The Columns

Tim Dare of the University of Auckland Will Give Talk at Legal Ethics Institute

— by on March 23rd, 2012

Tim Dare, senior lecturer (associate professor of philosophy) at the University of Auckland, New Zealand, will give the keynote speech at Washington and Lee University’s 34th Legal Ethics Institute on Friday, March 30, at 5 p.m. in Huntley 221. Dare previously gave the legal ethics talk in 2005.

The title of Dare’s talk, which is free and open to the public, is “Rescuing Roles from the Social Sciences.”

“With a few well-known exceptions, many of which are to be found in legal ethics, philosophers and lawyers have paid relatively little attention to the moral significance of social roles,” said Dare. “However, role theory was a major strand of inquiry in sociology for much of the last century, before rapidly falling from favor around the 1990s.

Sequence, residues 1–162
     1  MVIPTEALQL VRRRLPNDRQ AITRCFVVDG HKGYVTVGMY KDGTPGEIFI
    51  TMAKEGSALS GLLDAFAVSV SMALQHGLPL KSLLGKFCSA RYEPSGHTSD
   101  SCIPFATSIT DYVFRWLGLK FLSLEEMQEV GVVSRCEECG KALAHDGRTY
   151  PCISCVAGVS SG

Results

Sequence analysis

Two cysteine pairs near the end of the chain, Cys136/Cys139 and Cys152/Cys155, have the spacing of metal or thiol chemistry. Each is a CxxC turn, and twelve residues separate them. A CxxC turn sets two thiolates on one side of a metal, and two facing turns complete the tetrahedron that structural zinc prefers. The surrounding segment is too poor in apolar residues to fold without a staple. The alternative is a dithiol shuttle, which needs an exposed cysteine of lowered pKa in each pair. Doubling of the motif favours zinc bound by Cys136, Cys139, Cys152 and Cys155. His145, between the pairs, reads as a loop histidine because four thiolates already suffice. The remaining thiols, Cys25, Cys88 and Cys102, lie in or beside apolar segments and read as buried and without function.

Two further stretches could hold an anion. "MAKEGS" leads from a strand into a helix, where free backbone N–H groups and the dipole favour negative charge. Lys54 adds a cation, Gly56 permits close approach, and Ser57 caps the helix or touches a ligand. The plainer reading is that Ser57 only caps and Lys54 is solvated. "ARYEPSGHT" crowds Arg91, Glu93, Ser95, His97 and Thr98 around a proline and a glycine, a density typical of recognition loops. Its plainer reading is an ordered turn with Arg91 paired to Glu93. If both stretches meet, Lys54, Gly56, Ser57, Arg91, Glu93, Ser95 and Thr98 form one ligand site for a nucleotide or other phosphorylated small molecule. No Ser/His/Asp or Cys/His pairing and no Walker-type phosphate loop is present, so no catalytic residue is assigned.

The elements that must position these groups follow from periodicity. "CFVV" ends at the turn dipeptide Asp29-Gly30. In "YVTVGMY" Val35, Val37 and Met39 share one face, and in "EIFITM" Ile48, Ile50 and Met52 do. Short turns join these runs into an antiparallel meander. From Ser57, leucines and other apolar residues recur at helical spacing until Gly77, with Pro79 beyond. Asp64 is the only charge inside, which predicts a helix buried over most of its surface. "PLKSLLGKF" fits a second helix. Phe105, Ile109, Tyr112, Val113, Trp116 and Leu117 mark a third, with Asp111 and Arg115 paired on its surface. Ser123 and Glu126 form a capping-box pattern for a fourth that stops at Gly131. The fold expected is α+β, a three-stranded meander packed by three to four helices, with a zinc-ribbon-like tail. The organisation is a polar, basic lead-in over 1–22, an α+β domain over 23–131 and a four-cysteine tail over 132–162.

“In this talk, I will examine the rise and fall of role theory in the social sciences, arguing that the turn away from the approach was based on two errors: 1) the attempt to hold role theory to implausible and undesirable explanatory standards and 2) the idea that roles were inflexible, allowing little room for constructive engagement with roles by role occupants.  With these alleged flaws addressed, role theory has much to offer our understanding of the normative demands of social roles such as that of the lawyer.”

Dare is the author of The Counsel of Rogues? A Defence of the Standard Conception of the Lawyer’s Role (2009).  He co-edited Professional Ethics and Personal Integrity (2009/2010) with W. Bradley Wendel, who spoke at W&L’s Legal Ethics Institute in 2011. Dare has also written over 14 refereed journal articles, in addition to sections in books, reprints and reviews and comments.

Dare has taught at all levels within the philosophy department, mostly in courses in the broad areas of ethics, political philosophy and legal philosophy. Head of the philosophy department at the University of Auckland, he also is a barrister and solicitor of the High Court of New Zealand. He received his B.A., LL.B. and M.Jur. from the University of Auckland and his Ph.D. from the University of Alberta.

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